Lower on the list, but still in the top 50, are: Plano (No. 23), Lubbock (No. 27), Houston (No. 35), Amarillo (No. 36), San Antonio (No. 41), Dallas (No. 42), and Fort Worth (No. 46).The top city for remote workers, according to RentCafe, is Greenville, South Carolina.

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This article originally ran on CultureMap.

Walmart, Houston startup team up to bring small biz products to shelves

holiday shopping teamwork

Thanks to a pop-up shop marketplace platform, small businesses will now have the opportunity to have their goods displayed in one of the country’s largest national retail stores.

Through a strategic partnership between Houston-based Popable and Walmart, local businesses to set up shop for short-term leasing and bring brand new eyes to their products.

“Supporting small businesses has always been a priority for Walmart,” says Darryl Spinks, senior director of retail services for Walmart, in a news release. “We are proud to work with Popable to offer local brands an opportunity to grow inside our stores. This is a great example of our focus on offering services unique to the neighborhoods we serve through our store of the community initiative.”

Popable has assisted brands secure qualified spaces, get education and resources, and build community, and connections that are vital to helping small businesses expand their visibility in the marketplace. The platform simultaneously helps retail landlords find qualified retailers from a directory of tens of thousands of brands to fill vacancies and drive traffic to their shopping centers.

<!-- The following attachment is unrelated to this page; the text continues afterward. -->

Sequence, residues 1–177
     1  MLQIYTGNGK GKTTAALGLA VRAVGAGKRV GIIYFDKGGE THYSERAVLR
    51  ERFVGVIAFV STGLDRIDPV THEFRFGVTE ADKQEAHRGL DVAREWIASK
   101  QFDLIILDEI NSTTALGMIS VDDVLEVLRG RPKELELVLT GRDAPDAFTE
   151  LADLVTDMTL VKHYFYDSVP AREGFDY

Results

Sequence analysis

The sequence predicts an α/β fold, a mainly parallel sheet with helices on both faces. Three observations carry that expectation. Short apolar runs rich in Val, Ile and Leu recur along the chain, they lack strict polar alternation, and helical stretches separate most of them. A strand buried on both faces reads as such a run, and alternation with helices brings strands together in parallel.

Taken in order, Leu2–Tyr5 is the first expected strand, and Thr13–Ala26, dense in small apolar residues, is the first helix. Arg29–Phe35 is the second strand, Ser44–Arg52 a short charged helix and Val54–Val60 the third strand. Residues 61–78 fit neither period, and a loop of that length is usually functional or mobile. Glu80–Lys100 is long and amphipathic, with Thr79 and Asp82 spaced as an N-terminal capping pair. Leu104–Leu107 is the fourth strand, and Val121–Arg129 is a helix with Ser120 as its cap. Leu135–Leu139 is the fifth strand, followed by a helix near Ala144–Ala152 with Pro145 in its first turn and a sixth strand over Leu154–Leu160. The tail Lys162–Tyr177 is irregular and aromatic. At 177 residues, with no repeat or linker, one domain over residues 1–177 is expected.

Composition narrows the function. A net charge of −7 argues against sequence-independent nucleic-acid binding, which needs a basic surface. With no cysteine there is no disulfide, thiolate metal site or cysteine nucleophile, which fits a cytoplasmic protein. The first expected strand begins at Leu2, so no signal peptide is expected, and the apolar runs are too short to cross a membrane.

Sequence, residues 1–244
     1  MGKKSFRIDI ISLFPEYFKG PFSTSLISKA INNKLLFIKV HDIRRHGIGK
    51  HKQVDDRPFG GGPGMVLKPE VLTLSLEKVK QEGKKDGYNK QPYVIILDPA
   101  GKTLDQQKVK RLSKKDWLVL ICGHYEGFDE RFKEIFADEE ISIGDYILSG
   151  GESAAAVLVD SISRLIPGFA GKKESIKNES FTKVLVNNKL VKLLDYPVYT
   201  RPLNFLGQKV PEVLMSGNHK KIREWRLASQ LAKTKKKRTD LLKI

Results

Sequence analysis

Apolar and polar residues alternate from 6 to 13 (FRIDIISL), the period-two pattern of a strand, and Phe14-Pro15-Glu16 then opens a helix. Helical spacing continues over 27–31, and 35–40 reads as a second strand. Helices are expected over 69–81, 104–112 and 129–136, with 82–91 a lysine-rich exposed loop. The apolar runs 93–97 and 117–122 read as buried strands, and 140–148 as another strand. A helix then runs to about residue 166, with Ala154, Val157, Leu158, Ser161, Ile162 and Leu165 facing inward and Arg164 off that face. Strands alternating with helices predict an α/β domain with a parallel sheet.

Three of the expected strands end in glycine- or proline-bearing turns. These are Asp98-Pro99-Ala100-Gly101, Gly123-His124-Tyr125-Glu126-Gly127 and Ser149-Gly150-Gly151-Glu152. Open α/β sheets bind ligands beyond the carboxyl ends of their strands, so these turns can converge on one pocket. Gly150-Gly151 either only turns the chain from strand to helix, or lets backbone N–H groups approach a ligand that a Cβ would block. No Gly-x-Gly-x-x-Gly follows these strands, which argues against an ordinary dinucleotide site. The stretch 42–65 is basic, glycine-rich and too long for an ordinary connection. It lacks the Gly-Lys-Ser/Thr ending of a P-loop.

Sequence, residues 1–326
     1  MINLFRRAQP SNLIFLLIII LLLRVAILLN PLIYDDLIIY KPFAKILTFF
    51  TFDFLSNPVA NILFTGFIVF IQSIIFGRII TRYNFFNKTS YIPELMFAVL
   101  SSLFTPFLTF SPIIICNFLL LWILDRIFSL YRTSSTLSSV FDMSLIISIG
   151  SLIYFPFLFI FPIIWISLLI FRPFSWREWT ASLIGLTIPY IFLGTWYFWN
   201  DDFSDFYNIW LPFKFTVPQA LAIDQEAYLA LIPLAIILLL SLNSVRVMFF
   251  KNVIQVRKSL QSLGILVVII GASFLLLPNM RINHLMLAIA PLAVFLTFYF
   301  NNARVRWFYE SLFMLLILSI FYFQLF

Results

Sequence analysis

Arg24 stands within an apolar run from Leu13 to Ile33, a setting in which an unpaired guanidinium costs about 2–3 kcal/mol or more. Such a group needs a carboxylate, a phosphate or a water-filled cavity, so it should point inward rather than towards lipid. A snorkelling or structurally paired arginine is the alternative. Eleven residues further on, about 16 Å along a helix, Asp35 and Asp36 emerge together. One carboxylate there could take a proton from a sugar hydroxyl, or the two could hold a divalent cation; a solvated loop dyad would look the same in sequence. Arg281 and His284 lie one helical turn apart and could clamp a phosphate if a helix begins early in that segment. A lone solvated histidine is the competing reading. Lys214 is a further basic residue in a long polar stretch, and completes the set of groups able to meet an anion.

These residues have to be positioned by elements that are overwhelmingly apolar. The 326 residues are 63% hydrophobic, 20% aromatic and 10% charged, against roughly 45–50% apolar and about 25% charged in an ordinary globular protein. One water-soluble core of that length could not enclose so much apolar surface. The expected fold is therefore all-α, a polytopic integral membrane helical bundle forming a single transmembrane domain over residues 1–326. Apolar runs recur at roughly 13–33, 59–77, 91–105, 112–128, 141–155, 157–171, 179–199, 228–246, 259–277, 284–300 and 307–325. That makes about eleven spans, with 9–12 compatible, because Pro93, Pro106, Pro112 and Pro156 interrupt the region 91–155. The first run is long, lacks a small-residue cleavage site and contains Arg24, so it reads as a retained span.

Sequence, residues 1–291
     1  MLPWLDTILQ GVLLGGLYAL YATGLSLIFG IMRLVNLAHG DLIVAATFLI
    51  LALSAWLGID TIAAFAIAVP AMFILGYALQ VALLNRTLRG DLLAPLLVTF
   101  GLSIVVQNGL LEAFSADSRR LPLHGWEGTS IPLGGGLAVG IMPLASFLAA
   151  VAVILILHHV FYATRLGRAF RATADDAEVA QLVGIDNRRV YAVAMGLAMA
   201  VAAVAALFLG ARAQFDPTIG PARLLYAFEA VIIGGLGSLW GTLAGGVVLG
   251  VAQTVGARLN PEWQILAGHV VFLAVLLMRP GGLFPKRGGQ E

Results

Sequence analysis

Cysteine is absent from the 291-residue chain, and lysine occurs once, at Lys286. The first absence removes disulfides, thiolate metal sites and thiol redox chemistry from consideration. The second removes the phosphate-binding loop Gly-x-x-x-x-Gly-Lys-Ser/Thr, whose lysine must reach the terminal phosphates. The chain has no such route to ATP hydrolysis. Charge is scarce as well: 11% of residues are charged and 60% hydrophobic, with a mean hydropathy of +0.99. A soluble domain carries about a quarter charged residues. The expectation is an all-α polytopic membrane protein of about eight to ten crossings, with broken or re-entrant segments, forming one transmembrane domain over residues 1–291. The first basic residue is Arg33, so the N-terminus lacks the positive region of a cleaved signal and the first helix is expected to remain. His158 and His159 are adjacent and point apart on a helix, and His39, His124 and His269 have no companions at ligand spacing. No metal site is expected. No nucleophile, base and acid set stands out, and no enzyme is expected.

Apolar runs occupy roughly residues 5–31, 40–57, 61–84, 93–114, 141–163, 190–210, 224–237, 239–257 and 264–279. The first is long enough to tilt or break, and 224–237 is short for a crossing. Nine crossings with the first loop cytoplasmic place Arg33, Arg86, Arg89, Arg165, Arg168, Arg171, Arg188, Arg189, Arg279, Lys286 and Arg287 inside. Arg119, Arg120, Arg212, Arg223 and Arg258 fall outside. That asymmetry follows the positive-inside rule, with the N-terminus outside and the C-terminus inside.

For those small businesses interested, they can be paired with their local participating Walmart to connect and enter into an agreeable temporary leasing agreement by signing up on the platform’s official website. The businesses will set up right in front of the store generally where the customer service areas and salons tend to be. While the partnership isn’t aimed to be a pilot program, Popable will be giving Walmart the chance to infuse some local flavor into the stores from the community.

With the holidays around the corner, and small businesses looking to gain back revenues lost during the COVID-19 pandemic, the opportunity to display and sell their products at Walmart can be highly beneficial to recoup profits, and unload new and extra products to a larger audience.

“Going into the holidays the timing is pretty good for a lot of brands looking to move some access inventory that they have loaded up from last year, but this (hopefully with Walmart) will be a year-round thing,” says Popable CEO and co-founder Scott Blair. “The pop-up opportunities we’ve been seeing with brands doing reach outs so far, a lot of them are looking for stuff into January and February too.”

Scott Blair, CEO and co-founder of Popable, says he hopes to continue the partnership with Walmart. Photo courtesy of Popable